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Posts tagged: 4-H

Local Experience Plants Seeds of Positive Youth Development Abroad

Three kids standing together

4-H sponsors cultural immersion and exchange programs, such as this one in the District of Columbia. Image courtesy of the University of the District of Columbia.

Raising children to be their very best is not a concept unique to any particular country; rather, teaching youth to make better choices and create positive change in their communities is a common theme.

4-H is an American program that provides positive youth development by promoting citizenship, healthy living, science, civic affairs, leadership, positive relationships, safe areas for risk-taking, and more. In 2015, nearly 6.5 million adult volunteers and youth sported the green four-leaf clover as they prepared for college, work, career, and life. As iconic as it is, 4-H is not just an American phenomenon, its principles have become deeply entrenched abroad, as well. Read more »

Our Students Have a Voice in School Meals

4-H Delegates learning about Team Nutrition resources

4-H Delegates learn about Team Nutrition resources as nutrition education tools to take back to their schools and communities.

One key strategy in helping schools serve nutritious and appealing meals that students will eat is to simply ask, “What do you need?”

On April 9, USDA Food and Nutrition Service (FNS) asked this simple yet compelling question to nearly 40 4-H delegates at the 2016 National 4-H Conference in Chevy Chase, Md. USDA FNS hosted the roundtable session, “Healthy Eating in Schools:  A Dialogue with USDA Food & Nutrition Service,” in an effort to give eager student leaders a chance to share their views on school meals and healthy eating. Participants came from all across the U.S. states and territories, from Nebraska to North Carolina, and as far away as Puerto Rico and a U.S. Air Force base in Japan. Read more »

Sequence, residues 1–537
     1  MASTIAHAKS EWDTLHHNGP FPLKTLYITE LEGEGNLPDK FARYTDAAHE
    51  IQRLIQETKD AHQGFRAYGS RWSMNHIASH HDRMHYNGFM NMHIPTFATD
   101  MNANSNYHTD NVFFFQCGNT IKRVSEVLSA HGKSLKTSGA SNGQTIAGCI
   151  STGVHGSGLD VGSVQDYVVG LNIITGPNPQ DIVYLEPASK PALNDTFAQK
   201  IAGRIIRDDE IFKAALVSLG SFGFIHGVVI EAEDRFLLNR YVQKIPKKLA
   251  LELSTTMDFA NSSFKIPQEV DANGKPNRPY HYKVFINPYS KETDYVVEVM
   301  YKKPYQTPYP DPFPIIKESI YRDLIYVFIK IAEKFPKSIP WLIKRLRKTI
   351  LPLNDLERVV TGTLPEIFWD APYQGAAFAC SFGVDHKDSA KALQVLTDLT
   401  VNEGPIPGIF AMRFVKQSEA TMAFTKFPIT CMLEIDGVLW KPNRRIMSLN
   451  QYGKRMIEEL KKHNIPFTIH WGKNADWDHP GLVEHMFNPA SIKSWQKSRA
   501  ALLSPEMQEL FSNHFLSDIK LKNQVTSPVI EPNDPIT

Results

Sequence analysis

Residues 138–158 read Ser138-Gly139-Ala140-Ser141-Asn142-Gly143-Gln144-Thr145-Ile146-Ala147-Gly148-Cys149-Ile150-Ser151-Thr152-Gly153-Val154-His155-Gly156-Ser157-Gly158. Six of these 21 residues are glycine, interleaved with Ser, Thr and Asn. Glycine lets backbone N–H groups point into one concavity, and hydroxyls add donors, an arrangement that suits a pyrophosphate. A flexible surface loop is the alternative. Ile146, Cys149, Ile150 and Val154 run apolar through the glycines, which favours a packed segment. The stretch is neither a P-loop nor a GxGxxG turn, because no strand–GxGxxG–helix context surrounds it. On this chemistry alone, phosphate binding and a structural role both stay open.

4-H, Be SAFE Helps Develop Youth/Adult Partnerships to Help Prevent Bullying

A man working with youth

Research shows that adults working with youth strengthens bullying prevention efforts. Photo courtesy of 4-H.

(4-H’ers from across the country, U.S. territories, and Canada are converging on Washington, DC, for the 4-H National Conference, April 9-14.  4-H National Conference is the premier citizenship and civic engagement opportunity for 4-H members.  The U.S. Department of Agriculture’s National Institute of Food and Agriculture (NIFA) provides funding and national program leadership for 4-H and is the home of 4-H National Headquarters.  This blog has also been published at StopBullying.gov.)

Every day, many young people feel unsafe, disconnected, unsupported, and harmed because of bullying, harassment, and other forms of violence. Be SAFE: Safe, Affirming, and Fair Environments is a Michigan State University Extension initiative that helps communities learn about and address these issues. Be SAFE taps the wisdom and resiliency of young people and invites youth and adults to work in partnership to create relationships and settings that are physically and emotionally safe. Read more »

Developing New Leaders in a Global Landscape

Florida A&M University students